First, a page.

With automatic saves, can this app help you put money away?
One of the best savings apps over the years has been Chip. A smart autosave feature and often decent interest rates have meant I’ve often been a big fan.
Note often, not always. That’s because it feels like every few months the proposition (and charges) change. Sometimes it’s free, sometimes it’s not, and in recent years there’s been a move to focus on investments over savings.
And the latest revamp means it (once again) won’t be free to use the auto-saving feature. In fact, it’s never been so expensive!
So is it worth getting or sticking with the app to boost your savings?
What is Chip?
Chip is an automated saving app for your phone or tablet. It analyses your current account and works out how much you can afford to save – and then does it for you by moving the money to a separate account.
It also offers a savings rate of 1.1% AER or a Prize Savings Account with the chance to win up to £20,000.
There are also an increasing number of investment features, though this article is focused just on savings.
How much does Chip cost?
One issue I have with Chip is how frequently they change the cost of using the app. Sometimes it’s free, sometimes you have to pay.
Currently there’s a free tier called “Chip”, which is all you need to access the savings accounts and features. This is the focus of the review.
There’s an additional paid tier called “ChipX” (at £5 every 28 days) which adds investing functionality.
Auto save charges
Rather than make users pay a monthly charge for the entry-level Chip tier (which has happened in the past) there are going to be charges from 12 October 2022 for using different features – including autosaves.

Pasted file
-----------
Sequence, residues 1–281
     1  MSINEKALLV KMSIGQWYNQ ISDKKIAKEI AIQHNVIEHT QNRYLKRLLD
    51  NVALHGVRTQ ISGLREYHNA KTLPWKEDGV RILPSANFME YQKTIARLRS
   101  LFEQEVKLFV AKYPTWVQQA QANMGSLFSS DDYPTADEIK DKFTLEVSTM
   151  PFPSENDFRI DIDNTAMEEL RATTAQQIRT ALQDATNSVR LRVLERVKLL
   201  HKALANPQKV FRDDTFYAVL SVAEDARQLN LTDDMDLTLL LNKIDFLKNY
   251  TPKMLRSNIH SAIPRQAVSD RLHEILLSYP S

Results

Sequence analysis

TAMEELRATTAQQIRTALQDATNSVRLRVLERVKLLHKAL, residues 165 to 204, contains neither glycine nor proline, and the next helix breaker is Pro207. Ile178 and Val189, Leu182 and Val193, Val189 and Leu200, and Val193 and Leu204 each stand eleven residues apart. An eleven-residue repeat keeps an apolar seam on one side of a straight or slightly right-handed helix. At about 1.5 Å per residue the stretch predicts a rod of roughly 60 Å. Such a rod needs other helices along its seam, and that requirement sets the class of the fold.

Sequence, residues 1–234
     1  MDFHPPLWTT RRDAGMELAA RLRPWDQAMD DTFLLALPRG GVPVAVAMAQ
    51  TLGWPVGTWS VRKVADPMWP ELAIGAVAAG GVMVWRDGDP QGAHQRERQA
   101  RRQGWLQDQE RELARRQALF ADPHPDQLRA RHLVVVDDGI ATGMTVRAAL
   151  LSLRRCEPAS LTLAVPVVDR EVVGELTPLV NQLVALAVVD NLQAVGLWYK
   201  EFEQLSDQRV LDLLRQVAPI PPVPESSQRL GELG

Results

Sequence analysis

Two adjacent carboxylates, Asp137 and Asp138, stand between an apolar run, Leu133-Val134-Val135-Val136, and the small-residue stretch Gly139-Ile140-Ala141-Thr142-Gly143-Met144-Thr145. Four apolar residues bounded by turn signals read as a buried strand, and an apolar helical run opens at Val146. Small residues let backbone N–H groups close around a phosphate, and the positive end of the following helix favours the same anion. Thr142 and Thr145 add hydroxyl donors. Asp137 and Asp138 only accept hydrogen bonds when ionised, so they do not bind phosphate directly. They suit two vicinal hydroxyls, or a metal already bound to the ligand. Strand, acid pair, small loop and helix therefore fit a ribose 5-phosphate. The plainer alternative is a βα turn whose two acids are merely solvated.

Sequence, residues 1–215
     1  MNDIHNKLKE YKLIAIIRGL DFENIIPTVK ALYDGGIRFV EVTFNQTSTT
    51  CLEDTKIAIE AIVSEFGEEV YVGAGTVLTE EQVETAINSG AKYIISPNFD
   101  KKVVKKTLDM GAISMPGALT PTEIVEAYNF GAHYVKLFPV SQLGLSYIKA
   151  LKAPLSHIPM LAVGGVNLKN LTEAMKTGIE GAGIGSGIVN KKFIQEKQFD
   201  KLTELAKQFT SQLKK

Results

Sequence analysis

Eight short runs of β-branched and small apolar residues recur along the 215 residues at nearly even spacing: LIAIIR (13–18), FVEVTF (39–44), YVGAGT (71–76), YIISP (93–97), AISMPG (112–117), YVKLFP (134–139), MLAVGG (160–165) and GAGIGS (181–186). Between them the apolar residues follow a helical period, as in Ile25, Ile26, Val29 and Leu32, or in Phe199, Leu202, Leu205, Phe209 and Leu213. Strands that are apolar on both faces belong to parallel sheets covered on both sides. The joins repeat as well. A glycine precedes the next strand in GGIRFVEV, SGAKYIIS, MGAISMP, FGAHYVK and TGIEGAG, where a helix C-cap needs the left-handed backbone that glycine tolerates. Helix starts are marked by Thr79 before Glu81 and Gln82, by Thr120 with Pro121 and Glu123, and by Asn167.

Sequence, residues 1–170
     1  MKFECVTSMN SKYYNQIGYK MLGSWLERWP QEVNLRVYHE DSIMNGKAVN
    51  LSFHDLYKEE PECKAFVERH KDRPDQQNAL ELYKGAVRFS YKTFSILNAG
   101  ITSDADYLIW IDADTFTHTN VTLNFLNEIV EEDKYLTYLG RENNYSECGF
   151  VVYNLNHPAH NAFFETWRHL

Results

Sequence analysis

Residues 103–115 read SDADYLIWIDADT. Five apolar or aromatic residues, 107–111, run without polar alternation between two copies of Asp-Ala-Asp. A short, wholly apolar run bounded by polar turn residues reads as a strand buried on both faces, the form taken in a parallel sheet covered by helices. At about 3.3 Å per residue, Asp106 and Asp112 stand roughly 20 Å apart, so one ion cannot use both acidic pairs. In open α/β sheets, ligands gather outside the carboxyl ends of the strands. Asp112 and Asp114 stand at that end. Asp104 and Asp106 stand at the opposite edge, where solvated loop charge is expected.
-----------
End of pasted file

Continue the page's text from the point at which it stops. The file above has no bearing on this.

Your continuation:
New savings fees
These new charges begin on 12 October 2022
- 25p per recurring save
- 45p per auto-save
New withdrawal charges
- Two free withdrawals per calendar month
- £1 per withdrawal after this
Are the new charges worth paying?
I’m disappointed Chip has added charges for using autosaves (again). I get that the app needs to make money, and they can’t offer loss leading products. But it’s ridiculously expensive.
An autosave happens every four days. So unless you turn them off or pause them, they will happen 7 times a month or 91 times a year. At 45p per autosave, you’ll pay £3.15 a month or £40.95 a year.
That’s far more than you’ll have paid for this feature on the pre-2022 model. And it’s something no one should be paying especially since the exact same function is available for free via the Plum app.
You’ll also need to be careful if you do use Chip not to withdraw your money more than twice a month, otherwise you’ll get hit with a hefty £1 fee.
How does Chip help you save?
Chip offers a handful of features to boost how much of your money goes into savings.
I really love the “big idea” behind Chip. With automated savings, the app’s “AI” (artificial intelligence – don’t worry it’s not Terminator) algorithm analyses your spending habits, and based on what goes in and out of your account (along with general data about all its users) Chip will suggest an amount you can afford to save each week.
The amount will vary depending on how much money you have in your account and how often you spend it. It could be just a few quid, or a decent chunk. In theory, you shouldn’t really notice that the money has gone.
This is great for those who always plan to save but never get around to it. The autosaves can quickly add up.
But with a 45p charge for each autosave you’re really wasting cash for using the feature. However, if you want to learn more, keep reading.